“My short game was always pretty sharp. I think I was just gifted with that kind of ability. But I did spend a lot of time on the short game. Putting was always kind of there.

“Now it’s kind of flipped around a bit. I spend a lot more time around the greens and on the greens, a little bit less time on the range just because of the body. Body’s a little different now.”

“What about the technology?”

“Technology, very different now,” Els said. “In those days, we didn’t get all the help from technology, and the game was different. Didn’t have to go after the ball as hard. Now it seems like everybody is going after it 100 percent. I always felt like I played 85 percent just to keep the ball in play long enough to be able to do that.

“Now things have changed. You have to go 110 percent on the driver. I think the body will break down even quicker now, even with how strong the guys are. The body’s not built for hitting a driver at 130 miles per hour.”

It’s here where we’ll again note that Els is no doctor. And that actual ones have protocols in place to safely build up speed. And players adding speed is almost universal now.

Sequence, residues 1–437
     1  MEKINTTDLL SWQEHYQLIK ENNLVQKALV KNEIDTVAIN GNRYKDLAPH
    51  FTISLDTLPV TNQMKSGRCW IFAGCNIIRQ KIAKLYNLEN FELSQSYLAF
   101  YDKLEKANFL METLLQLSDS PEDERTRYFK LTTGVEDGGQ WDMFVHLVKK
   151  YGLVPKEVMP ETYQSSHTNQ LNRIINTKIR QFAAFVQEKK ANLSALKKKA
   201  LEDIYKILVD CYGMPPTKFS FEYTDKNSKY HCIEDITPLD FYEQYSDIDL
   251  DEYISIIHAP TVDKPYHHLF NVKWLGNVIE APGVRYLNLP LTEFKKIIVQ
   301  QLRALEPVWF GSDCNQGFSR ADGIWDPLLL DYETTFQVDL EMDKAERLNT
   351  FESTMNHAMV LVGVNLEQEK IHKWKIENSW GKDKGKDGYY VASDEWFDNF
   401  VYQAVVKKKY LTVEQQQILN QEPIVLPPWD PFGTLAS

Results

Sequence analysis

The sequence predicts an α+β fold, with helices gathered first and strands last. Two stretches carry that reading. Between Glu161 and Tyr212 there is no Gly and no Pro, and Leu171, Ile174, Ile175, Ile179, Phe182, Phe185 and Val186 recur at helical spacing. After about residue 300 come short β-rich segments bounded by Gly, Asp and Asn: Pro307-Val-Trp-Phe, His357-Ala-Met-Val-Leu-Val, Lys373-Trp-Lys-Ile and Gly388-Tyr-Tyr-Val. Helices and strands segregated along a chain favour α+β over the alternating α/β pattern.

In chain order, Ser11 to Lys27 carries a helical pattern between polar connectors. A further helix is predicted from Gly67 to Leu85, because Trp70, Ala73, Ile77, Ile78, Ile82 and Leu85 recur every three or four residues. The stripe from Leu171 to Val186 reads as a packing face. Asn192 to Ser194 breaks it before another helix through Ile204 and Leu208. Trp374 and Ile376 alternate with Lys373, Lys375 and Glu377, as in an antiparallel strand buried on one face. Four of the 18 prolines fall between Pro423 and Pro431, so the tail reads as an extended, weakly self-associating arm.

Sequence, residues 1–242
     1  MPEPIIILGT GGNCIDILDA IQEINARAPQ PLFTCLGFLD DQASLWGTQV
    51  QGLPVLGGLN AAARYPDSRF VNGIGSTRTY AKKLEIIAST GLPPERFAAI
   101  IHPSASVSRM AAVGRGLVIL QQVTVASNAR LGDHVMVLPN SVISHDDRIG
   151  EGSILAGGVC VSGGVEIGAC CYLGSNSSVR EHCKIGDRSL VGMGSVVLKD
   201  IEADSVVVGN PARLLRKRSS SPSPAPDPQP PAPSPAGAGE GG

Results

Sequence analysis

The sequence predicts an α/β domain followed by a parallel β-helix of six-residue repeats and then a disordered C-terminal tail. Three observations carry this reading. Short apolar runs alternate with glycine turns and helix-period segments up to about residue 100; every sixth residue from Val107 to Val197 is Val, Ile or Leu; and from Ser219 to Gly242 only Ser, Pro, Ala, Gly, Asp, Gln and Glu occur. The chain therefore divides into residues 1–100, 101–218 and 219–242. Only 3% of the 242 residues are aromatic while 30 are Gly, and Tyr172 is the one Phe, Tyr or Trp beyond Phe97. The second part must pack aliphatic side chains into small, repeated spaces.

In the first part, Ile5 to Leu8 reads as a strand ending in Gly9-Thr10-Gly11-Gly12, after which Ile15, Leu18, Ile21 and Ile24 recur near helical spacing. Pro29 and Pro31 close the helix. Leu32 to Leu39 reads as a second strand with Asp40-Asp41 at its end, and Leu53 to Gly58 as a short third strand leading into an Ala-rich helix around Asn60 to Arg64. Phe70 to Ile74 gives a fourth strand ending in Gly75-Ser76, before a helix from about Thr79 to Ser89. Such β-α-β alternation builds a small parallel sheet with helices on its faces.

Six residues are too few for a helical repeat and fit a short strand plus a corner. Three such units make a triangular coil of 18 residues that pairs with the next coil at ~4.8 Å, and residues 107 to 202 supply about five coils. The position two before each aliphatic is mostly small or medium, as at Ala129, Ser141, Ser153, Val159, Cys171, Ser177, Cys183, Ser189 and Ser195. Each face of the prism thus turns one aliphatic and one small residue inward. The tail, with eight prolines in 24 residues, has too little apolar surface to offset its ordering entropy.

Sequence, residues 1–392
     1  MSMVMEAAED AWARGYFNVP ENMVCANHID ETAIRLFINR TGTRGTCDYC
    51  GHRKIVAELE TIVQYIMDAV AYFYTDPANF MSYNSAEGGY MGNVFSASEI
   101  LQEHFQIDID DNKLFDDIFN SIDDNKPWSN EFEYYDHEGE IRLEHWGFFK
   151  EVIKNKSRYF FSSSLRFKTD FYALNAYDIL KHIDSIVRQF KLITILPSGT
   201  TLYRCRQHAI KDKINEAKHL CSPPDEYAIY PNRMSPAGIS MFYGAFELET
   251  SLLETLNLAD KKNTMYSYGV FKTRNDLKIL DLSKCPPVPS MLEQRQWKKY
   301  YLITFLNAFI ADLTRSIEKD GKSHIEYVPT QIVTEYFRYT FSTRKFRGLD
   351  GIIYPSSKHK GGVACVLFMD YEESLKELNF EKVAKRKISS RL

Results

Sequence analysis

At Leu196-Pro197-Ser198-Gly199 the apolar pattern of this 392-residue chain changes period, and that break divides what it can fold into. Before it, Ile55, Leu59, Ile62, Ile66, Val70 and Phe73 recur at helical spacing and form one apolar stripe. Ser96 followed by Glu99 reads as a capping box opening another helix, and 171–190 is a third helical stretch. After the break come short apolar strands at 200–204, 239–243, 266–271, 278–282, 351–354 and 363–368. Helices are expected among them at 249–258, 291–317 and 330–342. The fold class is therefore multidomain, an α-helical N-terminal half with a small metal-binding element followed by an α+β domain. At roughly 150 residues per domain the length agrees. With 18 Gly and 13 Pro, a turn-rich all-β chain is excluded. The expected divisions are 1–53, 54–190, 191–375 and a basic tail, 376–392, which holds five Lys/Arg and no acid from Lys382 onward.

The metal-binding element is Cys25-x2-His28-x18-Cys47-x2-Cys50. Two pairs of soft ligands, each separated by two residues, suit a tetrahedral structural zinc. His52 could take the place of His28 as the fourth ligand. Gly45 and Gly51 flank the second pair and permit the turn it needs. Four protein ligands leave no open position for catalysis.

But like anything physical, there are limits. 

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So Els is worried. 

But perhaps there’s a fix. At least says Bryson DeChambeau, who has bought in significantly to speed.

We’ll end things here with this exchange he had last year with teacher and analyst Mark Immelman, on Immelman’s On the Mark podcast

In it DeChambeau said his work with Kyle Berkshire and others of Long Drive fame revealed that “it’s not about how fast you swing the golf club” to create more speed. 

“So like during the November Masters, I was just swinging as fast as I could. Back and forth, quick as I can,” DeChambeau said. “So from the time to start to impact was super fast. Doesn’t mean I’m going to swing fast. … In order to create the most velocity at a certain point in time, you have to have time to accelerate. And distance.”

“Like Talladega versus Bristol Speedways,” Immelman said, referring to the longest NASCAR track, and one of the shortest.  

“You have to have time — you can have a huge engine and get there really quickly, but that’s under a shorter amount of distance, right,” DeChambeau said. “Or you can get there by a super long swing applying the same acceleration to it. So you want something that has the same acceleration to it for a longer duration that allows you to get higher velocity.